Understanding Car Costs and When to Drive

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In America, driving is one of the most popular ways of getting around. After trying out my local public transportation system recently, I realized that my car provides a ton of value in convenience and comfort. Often times though, we forget the costs of a car and how different factors impact the cost. We pay for gas and maintenance separate from each trip so it can be difficult to associate the two. I’ll try to provide a simple overview of the costs of driving so that you can make better decisions on when to drive and when to fly or even skip a trip.

Types of Car Costs

Most companies pay employees who drive on the job about $0.50 per mile these days, but don’t be tempted to use that to evaluate your costs. Costs should first be broken up into a few categories.

  • Mileage Costs – what you pay per mile for things like gas, oil, and mileage depreciation
  • Time Costs – what you pay in age depreciation of your vehicle

Depreciation is tricky since your car loses value as it ages and as you drive it more. For example, a 2008 model is worth less than the same 2009 model even if they have the same mileage. On the other hand, a 2008 model with 50K miles is worth less than a 2008 model with 25K miles.

Evaluating the Cost of Driving

In the big scheme of planning money well, it’s probably good to know all the costs of driving, but for the sake of understanding the costs of trips time costs are out of your control. For mileage costs we can again break costs into a few categories.

  • Fixed Mileage Costs – costs like gas that don’t change just because a car ages
  • Variable Mileage Costs – costs like mileage depreciation that do change as the car ages

The big problem with using a set number, like $0.50/mile, to evaluate the cost of driving is that as your car ages that number changes. Here are a few examples.

An old car may have this breakdown.

  • Gets 25MPG and gas costs $3/gallon = $0.12/mile for gas
  • Drives 10K per year and costs $1,000 in oil and maintenance per year = $0.10/mile
  • Value drops $500 this year (and less next) due to mileage = $0.05/mile
  • Total is $0.27/mile

A similar car, but newer model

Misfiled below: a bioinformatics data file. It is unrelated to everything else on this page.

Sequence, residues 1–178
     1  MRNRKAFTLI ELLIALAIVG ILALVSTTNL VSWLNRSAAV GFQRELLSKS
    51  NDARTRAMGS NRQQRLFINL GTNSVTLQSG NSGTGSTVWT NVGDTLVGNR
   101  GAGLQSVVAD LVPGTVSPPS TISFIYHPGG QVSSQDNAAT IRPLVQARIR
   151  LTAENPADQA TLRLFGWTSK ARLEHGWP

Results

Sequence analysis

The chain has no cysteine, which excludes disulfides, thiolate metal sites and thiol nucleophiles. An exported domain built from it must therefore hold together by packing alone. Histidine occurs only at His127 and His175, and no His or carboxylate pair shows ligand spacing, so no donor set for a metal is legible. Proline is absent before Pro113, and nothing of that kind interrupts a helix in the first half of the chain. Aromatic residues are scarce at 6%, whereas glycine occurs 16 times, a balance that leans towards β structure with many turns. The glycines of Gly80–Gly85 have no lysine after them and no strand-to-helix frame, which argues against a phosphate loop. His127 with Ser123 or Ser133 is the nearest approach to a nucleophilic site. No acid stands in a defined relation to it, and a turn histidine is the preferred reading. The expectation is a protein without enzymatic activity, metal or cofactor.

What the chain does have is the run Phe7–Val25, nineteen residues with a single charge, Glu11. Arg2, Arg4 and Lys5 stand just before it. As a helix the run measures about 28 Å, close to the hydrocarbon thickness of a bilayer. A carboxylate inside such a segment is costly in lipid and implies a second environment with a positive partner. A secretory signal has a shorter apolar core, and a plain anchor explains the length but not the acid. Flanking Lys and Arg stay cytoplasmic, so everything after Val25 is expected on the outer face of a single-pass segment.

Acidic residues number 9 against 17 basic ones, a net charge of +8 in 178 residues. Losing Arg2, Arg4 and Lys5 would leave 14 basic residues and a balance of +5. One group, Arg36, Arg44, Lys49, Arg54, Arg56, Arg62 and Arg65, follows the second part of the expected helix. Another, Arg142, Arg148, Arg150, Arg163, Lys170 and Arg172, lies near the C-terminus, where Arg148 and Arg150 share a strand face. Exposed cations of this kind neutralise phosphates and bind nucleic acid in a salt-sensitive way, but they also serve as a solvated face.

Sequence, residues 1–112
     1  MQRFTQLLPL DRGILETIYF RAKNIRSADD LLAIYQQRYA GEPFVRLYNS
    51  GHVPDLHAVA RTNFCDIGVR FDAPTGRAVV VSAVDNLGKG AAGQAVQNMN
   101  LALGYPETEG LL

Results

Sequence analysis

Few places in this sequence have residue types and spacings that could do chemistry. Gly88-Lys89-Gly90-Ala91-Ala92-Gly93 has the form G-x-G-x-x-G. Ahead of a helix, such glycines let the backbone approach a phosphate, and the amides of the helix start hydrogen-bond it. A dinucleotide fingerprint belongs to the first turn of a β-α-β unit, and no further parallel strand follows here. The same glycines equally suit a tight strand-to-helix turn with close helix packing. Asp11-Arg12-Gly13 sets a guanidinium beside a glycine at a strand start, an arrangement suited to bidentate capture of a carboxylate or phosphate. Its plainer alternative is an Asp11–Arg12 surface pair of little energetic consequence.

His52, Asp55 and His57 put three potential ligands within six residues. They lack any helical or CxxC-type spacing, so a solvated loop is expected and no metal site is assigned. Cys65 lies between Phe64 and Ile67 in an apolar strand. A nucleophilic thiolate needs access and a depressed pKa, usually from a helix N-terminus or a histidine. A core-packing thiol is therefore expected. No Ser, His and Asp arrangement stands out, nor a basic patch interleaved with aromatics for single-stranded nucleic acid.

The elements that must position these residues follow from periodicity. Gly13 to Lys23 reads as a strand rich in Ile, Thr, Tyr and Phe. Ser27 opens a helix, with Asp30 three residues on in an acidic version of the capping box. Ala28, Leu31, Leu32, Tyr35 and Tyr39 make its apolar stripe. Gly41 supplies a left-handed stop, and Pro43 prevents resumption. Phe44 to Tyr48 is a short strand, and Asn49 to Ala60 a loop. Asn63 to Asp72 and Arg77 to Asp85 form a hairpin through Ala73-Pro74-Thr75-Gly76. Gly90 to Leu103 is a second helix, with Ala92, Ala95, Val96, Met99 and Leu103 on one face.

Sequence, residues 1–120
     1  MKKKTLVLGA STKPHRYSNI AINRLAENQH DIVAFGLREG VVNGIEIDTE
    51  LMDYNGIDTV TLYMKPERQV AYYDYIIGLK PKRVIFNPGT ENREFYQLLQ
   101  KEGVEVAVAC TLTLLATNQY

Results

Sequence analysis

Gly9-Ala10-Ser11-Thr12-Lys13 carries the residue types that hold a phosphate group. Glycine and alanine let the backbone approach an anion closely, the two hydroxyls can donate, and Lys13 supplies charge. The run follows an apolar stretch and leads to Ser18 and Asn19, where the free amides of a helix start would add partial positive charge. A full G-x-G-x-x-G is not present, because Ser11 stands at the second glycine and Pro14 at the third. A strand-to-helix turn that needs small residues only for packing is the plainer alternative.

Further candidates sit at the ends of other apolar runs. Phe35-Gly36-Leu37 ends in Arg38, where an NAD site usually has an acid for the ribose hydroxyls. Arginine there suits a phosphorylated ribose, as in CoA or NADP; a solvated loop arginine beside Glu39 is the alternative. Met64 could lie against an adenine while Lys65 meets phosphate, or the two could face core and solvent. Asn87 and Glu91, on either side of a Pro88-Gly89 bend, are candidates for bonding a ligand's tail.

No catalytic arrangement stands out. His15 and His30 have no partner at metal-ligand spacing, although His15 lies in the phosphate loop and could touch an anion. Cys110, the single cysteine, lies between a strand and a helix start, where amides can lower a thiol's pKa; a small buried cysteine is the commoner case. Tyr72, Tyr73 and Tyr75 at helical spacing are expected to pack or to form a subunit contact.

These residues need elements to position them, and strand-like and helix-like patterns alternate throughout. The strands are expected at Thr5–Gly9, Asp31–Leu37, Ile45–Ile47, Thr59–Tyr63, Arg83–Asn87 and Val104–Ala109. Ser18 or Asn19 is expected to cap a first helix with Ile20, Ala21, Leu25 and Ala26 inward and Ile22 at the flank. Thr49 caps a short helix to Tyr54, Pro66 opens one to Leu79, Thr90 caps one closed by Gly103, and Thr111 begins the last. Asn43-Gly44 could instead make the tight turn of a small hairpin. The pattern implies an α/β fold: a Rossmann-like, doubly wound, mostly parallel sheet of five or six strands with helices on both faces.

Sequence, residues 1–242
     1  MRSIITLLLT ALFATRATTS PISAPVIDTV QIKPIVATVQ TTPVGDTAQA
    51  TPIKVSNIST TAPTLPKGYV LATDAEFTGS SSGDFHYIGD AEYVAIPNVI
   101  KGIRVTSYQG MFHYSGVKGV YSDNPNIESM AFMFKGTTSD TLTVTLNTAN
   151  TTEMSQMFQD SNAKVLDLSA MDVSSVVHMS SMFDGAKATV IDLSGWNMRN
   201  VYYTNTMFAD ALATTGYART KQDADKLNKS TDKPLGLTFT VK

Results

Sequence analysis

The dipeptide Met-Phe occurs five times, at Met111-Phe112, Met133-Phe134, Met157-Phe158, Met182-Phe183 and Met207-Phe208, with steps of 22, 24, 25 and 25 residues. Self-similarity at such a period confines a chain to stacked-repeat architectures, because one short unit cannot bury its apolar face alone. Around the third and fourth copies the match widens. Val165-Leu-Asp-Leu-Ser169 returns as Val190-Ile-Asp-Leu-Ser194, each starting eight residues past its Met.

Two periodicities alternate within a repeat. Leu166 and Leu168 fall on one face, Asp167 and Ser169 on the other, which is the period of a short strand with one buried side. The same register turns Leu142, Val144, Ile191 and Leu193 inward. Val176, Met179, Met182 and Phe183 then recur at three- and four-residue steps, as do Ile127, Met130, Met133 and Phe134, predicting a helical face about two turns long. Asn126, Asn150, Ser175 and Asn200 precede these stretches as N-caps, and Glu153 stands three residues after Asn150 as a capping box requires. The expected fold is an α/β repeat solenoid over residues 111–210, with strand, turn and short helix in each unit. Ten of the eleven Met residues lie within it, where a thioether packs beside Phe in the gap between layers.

• Gets 30MPG and gas costs $3/gallon = $0.10/mile for gas
  • Drives 10K per year and costs $600 in oil and maintenance per year = $0.06/mile
  • Value drops $2,000 this year (and less next) due to mileage = $0.20/mile
  • Total is $0.46/mile

You can do the same for your car and you will see that the driving factor is the age of the car since gas efficiency and maintenance don’t change much over time (arguably some cars do need a lot more maintenance as they age so evaluate this appropriately).

How to Use this Information for Your Benefit

Since these are real costs you will pay to drive, be sure to consider them when necessary. Don’t plan out every trip but on long trips this may help you decide to fly instead of drive, or on short trips it may influence you to combine errands instead of going out 5 times in one day.

  • If you live in a house with two cars, drive the one that costs less per mile on long trips
  • Before you decide to do a road trip to save money, see if a flight is actually cheaper
  • Don’t drive five miles to save a few cents on gas since you spend it getting there
  • Don’t deliver something to save a stamp when you’re actually paying more to drive

For me, I still have to consider factors like time and convenience. Sometimes I may drive instead of flying if it’s a five hour trip since the airport can be such a hassle. Also, it’s fun to get out of the house and get some fresh air so maybe spending a little extra to deliver something is fine. In the end, I’m just glad I know the costs when I drive.

What are your thoughts on driving? Leave me a comment below.

4 thoughts on “Understanding Car Costs and When to Drive”

  1. I normally try to use my wife’s car since I can go the same distance on 35 a tank instead of 60. But my truck is 10 times more comfortable so I do tend to waste the money on comfort, but depending on if the trip is business or fun also changes my decision. I normally go cheap for business and spend more on fun for trips.

  2. I wish North America was more like Europe with a better opportunity to use public transportation. It’s typically inexpensive and can get you anywhere you need to go and usually more quickly than by car. Unless you live in a huge city like New York, the only real way to get around is by driving. I wish I would only have to use my car once a week…

    Thanks for the post!

  3. You have recommended that “If you live in a house with two cars, drive the one that costs less per mile on long trips,” but, of course, there are so many other variables to consider (as you have also pointed out). In our household, the car that will cost less per mile to drive is probably not reliable for a long trip. We could factor in an if-and-when-the-car-breaks-down cost, which would then make the more reliable car still the less expensive option.

  4. Clayton – Great to hear that you’re good at balancing having fun and saving money. Really, all our financial choices come down to that.

    Conrad – I totally agree on public transportation. I wish there was more of that where I live in Atlanta. It helps us use our travel time to do other things like read.

    Lara – Yea, as a car gets older you are definitely trying to squeeze the last few miles you can get out of it if possible. It’s great that you are using a car as long as possible and it’s definitely not worth it if the car breaks down on a long trip. I sometimes wonder if the cost impact today should be considered or the cost impact at the time the car is sold. I think this is an accounting dilemma in the business world, and drives many business people crazy. Your way makes sense though for the real world.

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